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Carolina Housing collaboration brings wellbeing coaches to Hinton James residents

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Bikes sit at the main entrance of Hinton James Residence Hall on Monday, Nov. 6, 2023.

This year, Carolina Housing is partnering with the UNC School of Social Work to provide a new resource to support Hinton James residents: WellBeing Coaching. 

The program allows students who live in the first-year residence hall to meet with two WellBeing coaches who are master's students in the School of Social Work. They meet one-on-one to discuss challenges the resident might be facing, including difficulty managing stress, time, academics and relationships. 

One of the WellBeing coaches, Devon Pelto, is also a coach for another peer well-being program already offered within the School of Social Work. She said her role as a WellBeing coach is an internship for the program and is an extension of the work already being done.

Pelto described the program as a way for students to talk through challenges they are facing with a nonjudgemental third party and make action plans for tackling those challenges. 

“It's really just a thinking partner helping people see things from all different kinds of perspectives,” she said. “So it's really not me giving advice, it’s more of asking them questions so that they can bring their own wisdom out and get clarity on whatever it is.” 

Megan FinCannon, associate director of residential living at Carolina Housing, said WellBeing coaches provide more support than resident advisors, but the program is less formal than the University's Counseling and Psychological Services.

“We're hoping having WellBeing coaches that students can access in the residence halls can help bridge that gap and maybe make it where less people need to go to CAPS,” they said. “You talk through some of the things you needed, you got your feet underneath you and now you're good to go.”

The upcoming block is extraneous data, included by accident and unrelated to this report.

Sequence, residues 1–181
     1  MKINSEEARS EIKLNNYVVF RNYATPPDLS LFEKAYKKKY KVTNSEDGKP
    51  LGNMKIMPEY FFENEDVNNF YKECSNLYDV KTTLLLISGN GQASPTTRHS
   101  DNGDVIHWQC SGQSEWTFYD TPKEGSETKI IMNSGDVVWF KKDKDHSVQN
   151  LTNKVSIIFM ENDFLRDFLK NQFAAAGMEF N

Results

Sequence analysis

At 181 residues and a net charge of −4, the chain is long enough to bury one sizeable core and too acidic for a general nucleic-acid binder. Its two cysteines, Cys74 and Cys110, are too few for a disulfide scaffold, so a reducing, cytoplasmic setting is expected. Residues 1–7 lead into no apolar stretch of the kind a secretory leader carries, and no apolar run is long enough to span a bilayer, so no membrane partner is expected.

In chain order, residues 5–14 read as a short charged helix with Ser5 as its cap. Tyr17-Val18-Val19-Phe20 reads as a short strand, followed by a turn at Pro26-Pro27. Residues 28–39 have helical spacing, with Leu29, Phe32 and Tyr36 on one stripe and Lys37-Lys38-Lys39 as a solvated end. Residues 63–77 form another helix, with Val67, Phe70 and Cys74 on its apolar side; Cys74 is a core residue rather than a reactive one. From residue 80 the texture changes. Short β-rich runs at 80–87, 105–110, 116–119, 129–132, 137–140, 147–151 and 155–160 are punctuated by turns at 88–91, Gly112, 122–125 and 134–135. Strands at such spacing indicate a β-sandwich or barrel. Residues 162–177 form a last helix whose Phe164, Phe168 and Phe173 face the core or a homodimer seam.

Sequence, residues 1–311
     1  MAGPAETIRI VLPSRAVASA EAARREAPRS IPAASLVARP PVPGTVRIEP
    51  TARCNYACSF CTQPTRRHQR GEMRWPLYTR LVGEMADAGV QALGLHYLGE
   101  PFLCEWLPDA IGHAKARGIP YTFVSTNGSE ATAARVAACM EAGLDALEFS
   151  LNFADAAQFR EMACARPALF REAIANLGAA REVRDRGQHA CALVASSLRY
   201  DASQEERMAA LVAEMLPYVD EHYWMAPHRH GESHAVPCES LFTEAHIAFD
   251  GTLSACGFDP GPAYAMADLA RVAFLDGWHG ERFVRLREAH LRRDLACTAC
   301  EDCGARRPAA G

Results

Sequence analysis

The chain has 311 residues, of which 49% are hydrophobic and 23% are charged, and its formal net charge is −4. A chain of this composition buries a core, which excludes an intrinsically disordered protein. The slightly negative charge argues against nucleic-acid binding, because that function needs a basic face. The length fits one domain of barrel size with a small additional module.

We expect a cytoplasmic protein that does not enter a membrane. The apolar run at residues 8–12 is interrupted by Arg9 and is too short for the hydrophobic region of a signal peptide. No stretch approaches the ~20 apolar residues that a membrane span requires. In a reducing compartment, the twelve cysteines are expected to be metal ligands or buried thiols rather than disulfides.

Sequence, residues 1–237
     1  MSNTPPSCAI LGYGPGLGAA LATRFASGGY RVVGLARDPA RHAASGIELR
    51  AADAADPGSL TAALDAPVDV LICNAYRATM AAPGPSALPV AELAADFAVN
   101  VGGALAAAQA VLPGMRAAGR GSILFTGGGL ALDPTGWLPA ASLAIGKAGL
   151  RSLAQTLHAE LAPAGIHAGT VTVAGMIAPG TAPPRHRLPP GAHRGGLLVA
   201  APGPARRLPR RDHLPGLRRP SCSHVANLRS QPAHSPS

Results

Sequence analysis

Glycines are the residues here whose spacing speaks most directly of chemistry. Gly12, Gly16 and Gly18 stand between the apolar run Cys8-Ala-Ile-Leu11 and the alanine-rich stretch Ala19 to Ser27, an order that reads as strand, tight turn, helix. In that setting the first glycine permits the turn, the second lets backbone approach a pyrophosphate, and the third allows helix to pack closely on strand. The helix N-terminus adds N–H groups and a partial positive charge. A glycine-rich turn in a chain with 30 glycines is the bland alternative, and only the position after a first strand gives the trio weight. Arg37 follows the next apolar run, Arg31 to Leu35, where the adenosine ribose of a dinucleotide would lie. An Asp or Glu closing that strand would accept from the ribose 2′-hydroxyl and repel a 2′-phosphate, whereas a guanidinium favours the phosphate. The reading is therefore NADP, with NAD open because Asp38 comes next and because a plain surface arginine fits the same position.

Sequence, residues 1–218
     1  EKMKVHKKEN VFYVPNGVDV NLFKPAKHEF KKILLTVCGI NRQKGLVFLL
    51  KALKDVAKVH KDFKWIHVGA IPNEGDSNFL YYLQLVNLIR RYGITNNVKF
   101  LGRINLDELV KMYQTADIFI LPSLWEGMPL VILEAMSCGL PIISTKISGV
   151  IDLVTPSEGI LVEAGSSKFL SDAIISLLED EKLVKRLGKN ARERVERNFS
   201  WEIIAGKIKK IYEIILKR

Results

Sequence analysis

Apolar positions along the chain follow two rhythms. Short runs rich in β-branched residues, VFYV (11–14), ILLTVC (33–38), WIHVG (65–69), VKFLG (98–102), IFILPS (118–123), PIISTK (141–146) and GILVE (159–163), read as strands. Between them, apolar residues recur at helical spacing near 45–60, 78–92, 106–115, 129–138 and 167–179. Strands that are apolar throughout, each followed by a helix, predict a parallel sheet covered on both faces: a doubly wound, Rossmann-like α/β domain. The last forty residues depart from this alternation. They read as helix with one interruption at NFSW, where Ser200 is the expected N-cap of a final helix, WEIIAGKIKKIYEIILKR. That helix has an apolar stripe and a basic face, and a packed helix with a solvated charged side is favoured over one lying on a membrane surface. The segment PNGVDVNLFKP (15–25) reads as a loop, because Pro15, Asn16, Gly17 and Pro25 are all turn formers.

FinCannon helped launch the WellBeing program in Hinton James and said the idea for the program came from meetings with the Residence Hall Association in 2021, which advocated for more support for students. 

“It seems like a lot of us students seem to be struggling,” Pelto said. “And we're just hoping that this is one small way that we can fill that gap between what students need and what's actually available for them on campus.”

Although Carolina Housing began providing coaching to Hinton James residents in the spring, this semester marks the first full academic year the service will be offered. 

FinCannon said Hinton James was chosen to host the two coaches because it has the largest first-year population on campus. 

Undergraduate mental health is often not taken seriously enough, Pelto said. One reason many first-years face mental health challenges is because of the transition to college. She said compounding issues like living away from their families for the first time, navigating a university and managing adult responsibilities can make stress pile up for students.

By placing the coaches in a first-year residence hall, FinCannon said they are trying to help students develop a habit of asking for help when they need it. 

First-year student and Hinton James resident Bree Lavender said the program could help students who don't feel comfortable talking to someone who they have to see regularly.

"With my RA, I have to know her the whole year, so some people might find that awkward talking to someone that they’re going to see a lot," she said. "But for these wellness coaches that you might never see again, I could see how it would kind of be easier, to me at least, to be with a stranger.”

Lavender also thinks the coaching could be better advertised to students. She said she has only noticed it mentioned in a few places and in emails — which she said many students do not read.

Pelto said students who want to connect with a WellBeing coach can fill out an intake form, which is accessible on QR codes posted throughout the residence hall.

"Even the smallest ways of prioritizing mental health and offering more and different kinds of resources can go a long way," she said.

@dailytarheel | university@dailytarheel.com

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